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Increasing Engagement With Rewards Programs

Updated: Jul 29, 2020

Member rewards and loyalty programs are a terrific way for organizations to demonstrate that they want to help their group members keep money in their pockets. Especially these days!

When someone is sitting down to a nice evening meal, in a high-end restaurant, or, relaxing in a hotel bed, it’s made all the sweeter when they get it at a great price. If these people are reaping the rewards thanks to the initiative of their organization to sign them up to a Member Rewards Program, then their satisfaction rates will grow.

The reality is, however, that many members fail to activate their loyalty memberships and miss out on these great rewards. When choosing a loyalty program, it’s important to recognize those companies that go above and beyond in increasing member engagement. This can be done through a variety of ‘old school’ and modern tech-driven ways, so let’s explore a few of them.

1. Weekly Mailers Remain Very Worthwhile

E-mail might seem very old-fashioned in the internet age, but it remains a vital mode of formal communication. We don’t want to be bombarded with non-urgent messages, but people tend to respond well to mailers as an advertising medium. A Forbes article on the topic estimates that you get a $35-$40 return on every $1 investment. That puts it top of the pile as an advertising channel, and far exceeds the returns seen for radio and TV.

This also translates to a company's rewards and loyalty program. If you update members with weekly information about new deals on the latest gadgets, or dental care offers, then they’ll soon find something that encourages them to activate and use their loyalty card. Don’t sleep on e-mail. Just because it’s an old idea, that doesn’t make it ineffective.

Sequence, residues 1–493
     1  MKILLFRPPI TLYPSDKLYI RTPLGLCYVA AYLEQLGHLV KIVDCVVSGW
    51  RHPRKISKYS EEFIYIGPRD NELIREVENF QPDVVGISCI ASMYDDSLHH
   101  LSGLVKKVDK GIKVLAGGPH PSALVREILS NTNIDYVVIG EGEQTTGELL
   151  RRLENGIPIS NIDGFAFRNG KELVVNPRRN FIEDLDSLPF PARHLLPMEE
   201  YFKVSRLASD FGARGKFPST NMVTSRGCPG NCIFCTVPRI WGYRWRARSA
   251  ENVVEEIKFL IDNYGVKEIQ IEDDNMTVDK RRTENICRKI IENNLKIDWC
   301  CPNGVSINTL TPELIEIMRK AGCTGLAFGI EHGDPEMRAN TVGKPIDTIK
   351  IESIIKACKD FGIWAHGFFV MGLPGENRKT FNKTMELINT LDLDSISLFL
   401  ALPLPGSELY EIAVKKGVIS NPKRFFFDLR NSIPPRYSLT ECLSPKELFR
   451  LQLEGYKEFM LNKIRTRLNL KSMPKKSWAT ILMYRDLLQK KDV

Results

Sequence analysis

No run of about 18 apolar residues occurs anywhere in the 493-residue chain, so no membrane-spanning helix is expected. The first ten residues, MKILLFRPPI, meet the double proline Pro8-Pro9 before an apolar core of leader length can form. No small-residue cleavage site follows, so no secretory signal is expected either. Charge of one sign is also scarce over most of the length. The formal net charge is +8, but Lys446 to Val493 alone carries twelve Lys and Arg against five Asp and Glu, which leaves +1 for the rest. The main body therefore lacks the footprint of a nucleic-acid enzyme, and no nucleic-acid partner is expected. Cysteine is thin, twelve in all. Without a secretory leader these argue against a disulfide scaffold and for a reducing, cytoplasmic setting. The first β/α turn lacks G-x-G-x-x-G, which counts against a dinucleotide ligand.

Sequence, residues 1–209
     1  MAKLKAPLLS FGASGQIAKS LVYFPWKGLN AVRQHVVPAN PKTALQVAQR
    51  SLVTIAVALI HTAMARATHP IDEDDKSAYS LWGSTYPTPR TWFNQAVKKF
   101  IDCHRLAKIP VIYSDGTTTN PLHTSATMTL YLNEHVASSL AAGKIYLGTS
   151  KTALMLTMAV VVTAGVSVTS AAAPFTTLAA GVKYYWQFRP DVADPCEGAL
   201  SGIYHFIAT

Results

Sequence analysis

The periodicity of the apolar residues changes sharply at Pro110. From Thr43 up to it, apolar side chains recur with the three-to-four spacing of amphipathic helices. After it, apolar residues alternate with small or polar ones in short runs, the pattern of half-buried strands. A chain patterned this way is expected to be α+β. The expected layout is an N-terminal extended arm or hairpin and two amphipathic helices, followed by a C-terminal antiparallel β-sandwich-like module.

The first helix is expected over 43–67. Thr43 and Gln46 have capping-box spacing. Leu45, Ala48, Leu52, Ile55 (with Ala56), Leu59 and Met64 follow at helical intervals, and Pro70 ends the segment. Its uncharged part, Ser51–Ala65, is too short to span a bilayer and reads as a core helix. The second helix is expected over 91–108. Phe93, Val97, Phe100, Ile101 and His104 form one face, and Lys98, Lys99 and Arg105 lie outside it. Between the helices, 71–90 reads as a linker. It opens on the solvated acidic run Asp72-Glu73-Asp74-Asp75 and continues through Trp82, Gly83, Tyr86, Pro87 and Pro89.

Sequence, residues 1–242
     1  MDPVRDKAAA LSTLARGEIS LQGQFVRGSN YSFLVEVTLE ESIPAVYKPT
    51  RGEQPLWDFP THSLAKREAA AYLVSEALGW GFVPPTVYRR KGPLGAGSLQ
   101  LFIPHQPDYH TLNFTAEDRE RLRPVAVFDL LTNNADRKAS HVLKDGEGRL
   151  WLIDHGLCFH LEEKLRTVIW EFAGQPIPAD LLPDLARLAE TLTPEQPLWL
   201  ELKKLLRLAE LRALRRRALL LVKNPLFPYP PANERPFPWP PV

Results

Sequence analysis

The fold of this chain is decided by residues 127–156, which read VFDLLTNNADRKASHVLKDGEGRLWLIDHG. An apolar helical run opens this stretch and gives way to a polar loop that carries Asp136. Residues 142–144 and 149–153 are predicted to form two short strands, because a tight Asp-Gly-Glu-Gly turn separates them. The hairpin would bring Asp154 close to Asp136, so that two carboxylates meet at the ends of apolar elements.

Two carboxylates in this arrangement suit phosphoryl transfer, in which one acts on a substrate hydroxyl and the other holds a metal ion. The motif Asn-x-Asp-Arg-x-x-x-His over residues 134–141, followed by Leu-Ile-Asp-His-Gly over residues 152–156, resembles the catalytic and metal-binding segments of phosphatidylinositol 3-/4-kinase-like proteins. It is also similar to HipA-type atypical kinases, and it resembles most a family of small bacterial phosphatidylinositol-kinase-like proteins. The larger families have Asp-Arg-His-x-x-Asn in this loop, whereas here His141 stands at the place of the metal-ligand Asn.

2. Choose a Member Rewards Program with a Great Online Presence

Member and employee engagement through rewards and loyalty programs has changed significantly in the age of the smartphone. People have become used to accessing information within seconds, whether they’re sitting at home or out-and-about on the city streets. Organizations rolling out rewards and loyalty programs must adapt to these new norms by allowing members to access benefits with similar ease.

Members should be able to access instant information about discounts for individual brands, and smartphone apps are vital for this purpose. EMarketer has found that 84 percent of phone internet time is spent on apps, as opposed to a mere 15 percent on web browsers. Once members discover their rewards and loyalty program has an app presence, they’re much more likely to access it.

Beware, however, that some members may be sitting at their desks in front of a conventional computer screen. Smartphones supplement laptop, desktop and tablets in the modern age, and a comprehensive website is a crucial part of enticing people to access rewards and loyalty program benefits.

Keep all the channels updated with new weekly and monthly offers. There’s no point in offering great value ski trips in June or deals on a new barbecue in the middle of winter.

3. Develop a Digital Magazine to Learn More About the Brands and Their Offers

In an increasingly busy world, sitting down with an online magazine can be a wonderful mode of relaxation. They allow us to delve into topics in greater detail, and it’s also a useful tool for member rewards and loyalty programs in Canada. Member companies can distribute the magazines via their intranet and through email to their members. As well as outlining the latest deals available, a magazine allows members to learn more about brand partners and what they can offer.

Developing content for a magazine is a bit more time consuming however, so make sure you budget resources accordingly. The information must not be overly time sensitive or you’ll end up frustrating members with out-of-date offers.

Rewards and loyalty programs are proven to drive increased recruitment, retention and engagement when they are properly created and delivered consistently through multiple touch points.

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